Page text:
Daniel Paul Eisenberg, M.D.
Daniel Paul Eisenberg, M.D.
Dr. Eisenberg is Medical Director of the Psychotic Disorders Service and the Inpatient Clinical Research Unit, Clinical and Translational Neuroscience Branch, Division of Intramural Research Programs, National Institute of Mental Health.
E-mail Dr. Eisenberg
Dr. Eisenberg received his Sc.B. in Neuroscience magna cum laude from Brown University, earned his M.D. from the Albert Einstein College of Medicine, and completed a residency in psychiatry at the Beth Israel Medical Center in New York, followed by a Clinical Research Fellowship in the Section of Integrated Neuroimaging in the National Institute of Mental Health’s Intramural Research Program. He is a board-certified psychiatrist with specialized experience conducting clinical research studies with participants diagnosed with schizophrenia spectrum disorders, including those involving medication-free conditions. He has expertise in multimodal neuroimaging, and his research focuses on the brain chemistry and functions underlying neuropsychiatric illness and its treatment with a focus on dopaminergic systems, genetics and schizophrenia.
Dr. Eisenberg’s research uses multiple brain imaging techniques—such as positron emission tomography (PET) and magnetic resonance imaging (MRI)—together with clinical, cognitive, and genetic assessments to better understand brain mechanisms important in neuropsychiatric illness and mental health treatment. His recent scientific work has concentrated on schizophrenia and dopamine-related neurobiology. This includes studies involving in-depth, inpatient assessments of individuals with schizophrenia under both antipsychotic treatment and medication-free conditions as well as investigations of genetic effects on dopamine systems functioning in the brain. These lines of research ultimately aim to help make sense of the diverse array of symptoms, genetic factors, and biological traits variably affecting individuals with schizophrenia and to inform models of pathogenesis and novel approaches to treatment.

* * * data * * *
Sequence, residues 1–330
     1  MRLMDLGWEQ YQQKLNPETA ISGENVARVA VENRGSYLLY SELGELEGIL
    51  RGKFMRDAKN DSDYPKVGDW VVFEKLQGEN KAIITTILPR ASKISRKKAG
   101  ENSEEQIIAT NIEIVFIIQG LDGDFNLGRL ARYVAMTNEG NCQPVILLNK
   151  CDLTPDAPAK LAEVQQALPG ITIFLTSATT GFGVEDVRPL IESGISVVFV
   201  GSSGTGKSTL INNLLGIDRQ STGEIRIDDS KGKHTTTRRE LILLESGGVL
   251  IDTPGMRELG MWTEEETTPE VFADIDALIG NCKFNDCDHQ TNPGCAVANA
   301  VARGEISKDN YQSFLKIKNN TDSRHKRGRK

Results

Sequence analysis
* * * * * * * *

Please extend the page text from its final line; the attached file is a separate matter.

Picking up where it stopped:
Clinical correlation but no elevation of striatal dopamine synthesis capacity in two independent cohorts of medication-free individuals with schizophrenia . Eisenberg DP, Kohn PD, Hegarty CE, Smith NR, Grogans SE, Czarapata JB, Gregory MD, Apud JA, Berman KF. (2022). Molecular Psychiatry. PMID: 34789848
Comparison of Transcranial Sonography and [18F]-Fluorodopa PET Imaging in GBA1 Mutation Carriers. Eisenberg DP*, Lopez G*, Gregory MD, Berman KF, Sidransky E. (2022). Movement Disorders. PMID: 34762337
Polymorphism in the ZNF804A Gene and Variation in D1 and D2/D3 Dopamine receptor availability in the healthy human brain: A dual positron emission tomography study. Hegarty CE, Ianni AM, Kohn PD, Kolachana B, Gregory M, Masdeu JC, Eisenberg DP*, Berman KF*. (2021). Biological Psychiatry: Cognitive Neuroscience and Neuroimaging. PMID: 33712377
Presynaptic dopamine synthesis capacity in schizophrenia and striatal blood flow change during antipsychotic treatment and medication-free conditions . Eisenberg D, Yankowitz L, Ianni A, Rubinstein D, Kohn P, Hegarty C, Gregory M, Apud J, Berman K. (2017). Neuropsychopharmacology. PMID: 28387222
Common variation in the DOPA decarboxylase gene (DDC) and human striatal DDC activity in vivo . Eisenberg DP, Kohn PD, Hegarty CE, Ianni AM, Kolachana B, Gregory MD, Masdeu JC, Berman KF. (2016). Neuropsychopharmacology. PMID: 26924680